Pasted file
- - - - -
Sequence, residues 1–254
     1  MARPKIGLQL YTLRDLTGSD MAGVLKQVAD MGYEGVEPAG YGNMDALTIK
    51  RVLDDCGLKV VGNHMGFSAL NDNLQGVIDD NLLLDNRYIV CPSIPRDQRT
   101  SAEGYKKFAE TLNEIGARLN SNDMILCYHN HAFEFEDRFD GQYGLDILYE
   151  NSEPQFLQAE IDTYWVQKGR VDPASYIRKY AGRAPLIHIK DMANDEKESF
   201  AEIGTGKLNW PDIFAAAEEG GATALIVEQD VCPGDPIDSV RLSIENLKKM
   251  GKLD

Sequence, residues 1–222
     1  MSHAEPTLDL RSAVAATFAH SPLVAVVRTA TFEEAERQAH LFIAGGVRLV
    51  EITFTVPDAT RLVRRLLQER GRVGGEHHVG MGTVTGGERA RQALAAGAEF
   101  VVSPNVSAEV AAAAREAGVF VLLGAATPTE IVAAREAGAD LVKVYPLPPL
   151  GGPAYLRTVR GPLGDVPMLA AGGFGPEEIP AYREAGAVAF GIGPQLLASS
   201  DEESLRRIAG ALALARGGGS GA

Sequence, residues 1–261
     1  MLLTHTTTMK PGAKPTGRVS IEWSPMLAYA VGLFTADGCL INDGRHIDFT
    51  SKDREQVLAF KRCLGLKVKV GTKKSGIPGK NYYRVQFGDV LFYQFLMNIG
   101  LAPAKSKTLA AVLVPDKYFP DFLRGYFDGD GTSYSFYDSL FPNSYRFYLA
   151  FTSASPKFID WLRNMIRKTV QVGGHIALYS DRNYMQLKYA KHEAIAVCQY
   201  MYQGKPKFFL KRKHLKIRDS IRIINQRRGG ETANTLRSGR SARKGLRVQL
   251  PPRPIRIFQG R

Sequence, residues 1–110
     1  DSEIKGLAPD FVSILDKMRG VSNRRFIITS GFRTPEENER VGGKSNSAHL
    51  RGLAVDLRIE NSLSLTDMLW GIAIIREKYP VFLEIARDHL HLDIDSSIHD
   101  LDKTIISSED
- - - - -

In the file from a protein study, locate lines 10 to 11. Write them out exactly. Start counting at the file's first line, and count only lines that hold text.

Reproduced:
    51  EITFTVPDAT RLVRRLLQER GRVGGEHHVG MGTVTGGERA RQALAAGAEF
   101  VVSPNVSAEV AAAAREAGVF VLLGAATPTE IVAAREAGAD LVKVYPLPPL